September 2003

Cash Flow: The Artistry Of Accounting
By Leonard Leff

Cash flow is essential to a business’ health and is often a reliable indicator of the business’ income opportunities. Cash flow can reveal how a proprietor has allocated available funding. Has it been used carefully, wisely, and to good business advantage? An accountant who prioritizes cash flow enables the company to enjoy financial strength and stability. Ready cash flow allows a company to pay its bills, earn the respect of vendors, take advantage of discounts, save on interest expense, make better deals, and more.

For many accountants, telling a business owner about the role cash flow plays is a sensitive issue. Some accountants avoid raising concerns about cash flow problems or minimize the issue until the situation is critical. Depending on how an accountant describes a cash flow problem, it may be the first fracture in the business owner/accountant relationship. If a company appears to be functioning, and the lack of cash flow is a problem, the onus could be placed on the accountant as to why proactive, preventive action wasn’t recommended. The accountant can be a convenient scapegoat.

A proactive stance includes offering a workable financing solution. The accountant needs to take the initiative by demonstrating the true value of cash flow. At first, obtaining regular cash flow from a lender may appear to be a costly luxury. When a company pays $2,000 to $3,000 per month on financing invoices or receivables of $100,000, it is sometimes viewed as a questionable financial extravagance. But very often the company is capable of achieving much more with a strategic cash flow.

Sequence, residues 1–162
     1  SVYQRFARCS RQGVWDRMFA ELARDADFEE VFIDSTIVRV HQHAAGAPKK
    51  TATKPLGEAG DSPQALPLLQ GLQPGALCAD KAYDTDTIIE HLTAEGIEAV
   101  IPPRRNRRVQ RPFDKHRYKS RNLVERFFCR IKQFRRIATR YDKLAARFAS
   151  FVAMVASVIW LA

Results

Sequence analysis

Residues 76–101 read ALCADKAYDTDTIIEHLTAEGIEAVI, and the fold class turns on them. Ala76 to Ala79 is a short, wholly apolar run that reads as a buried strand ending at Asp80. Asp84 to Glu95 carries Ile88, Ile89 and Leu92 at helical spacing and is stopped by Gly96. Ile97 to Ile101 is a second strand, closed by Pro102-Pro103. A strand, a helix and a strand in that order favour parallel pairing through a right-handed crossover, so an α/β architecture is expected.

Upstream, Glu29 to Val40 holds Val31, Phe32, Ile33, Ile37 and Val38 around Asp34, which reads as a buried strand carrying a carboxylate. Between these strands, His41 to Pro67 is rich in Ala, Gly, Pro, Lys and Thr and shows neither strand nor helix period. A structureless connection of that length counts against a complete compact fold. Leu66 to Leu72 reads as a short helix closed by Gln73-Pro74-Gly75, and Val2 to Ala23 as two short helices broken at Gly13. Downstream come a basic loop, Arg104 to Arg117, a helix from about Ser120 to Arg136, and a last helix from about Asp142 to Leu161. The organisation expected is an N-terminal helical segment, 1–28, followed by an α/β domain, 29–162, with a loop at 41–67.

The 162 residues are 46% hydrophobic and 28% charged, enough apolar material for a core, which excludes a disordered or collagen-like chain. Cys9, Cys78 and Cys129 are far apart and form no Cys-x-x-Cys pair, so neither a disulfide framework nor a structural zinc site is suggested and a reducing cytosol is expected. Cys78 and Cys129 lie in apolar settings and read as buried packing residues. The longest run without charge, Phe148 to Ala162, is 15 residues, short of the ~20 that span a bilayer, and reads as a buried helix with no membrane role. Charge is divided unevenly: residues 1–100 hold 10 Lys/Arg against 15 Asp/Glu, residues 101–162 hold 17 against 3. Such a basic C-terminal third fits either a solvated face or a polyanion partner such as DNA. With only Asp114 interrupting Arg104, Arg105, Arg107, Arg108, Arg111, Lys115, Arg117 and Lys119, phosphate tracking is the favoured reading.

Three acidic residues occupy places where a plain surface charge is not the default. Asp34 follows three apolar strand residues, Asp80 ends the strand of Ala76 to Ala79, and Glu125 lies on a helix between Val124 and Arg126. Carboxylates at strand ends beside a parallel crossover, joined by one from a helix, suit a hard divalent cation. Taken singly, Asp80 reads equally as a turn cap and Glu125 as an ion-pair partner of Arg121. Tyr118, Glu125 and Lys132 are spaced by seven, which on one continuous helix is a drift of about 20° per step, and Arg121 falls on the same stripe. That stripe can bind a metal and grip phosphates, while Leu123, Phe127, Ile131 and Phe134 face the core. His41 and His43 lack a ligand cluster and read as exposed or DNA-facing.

A company operating with regular cash flow communicates a level of confidence to its employees (who often have a very good sense about what is going on). In companies that suffer from poor cash flow, employee morale is often low, productivity slumps, and even loyalty is affected. Paying a premium for cash flow gives a business proprietor peace of mind, and less anxiety and stress.

But be warned: Cash flow installments must be used with discretion. Regular mentoring and guidance is often needed from the CPA so that money is spent on focused business goals. Many business owners are tempted to view cash flow funding as a nest egg they can squirrel away, or to personally indulge themselves every now and then.

Eventually, however, a responsible business owner who uses financed cash flow will see the wisdom of growing the business this way. Taking on additional accounts and increasing sales often means extending credit to customers and waiting for payment on invoices. In a perfect world, healthy businesses would not have to finance regular cash flow, but in the real world, unpredictability is the rule.

By meeting the cash flow challenge, business owners will gain an understanding of the vital contribution their accountants bring to the business process. Accountants who can effectively advise business owners on managing cash flow are practicing the true artistry of the accounting profession.

Leonard Leff is the president of the CDS Companies, based in Lynbrook, N.Y.

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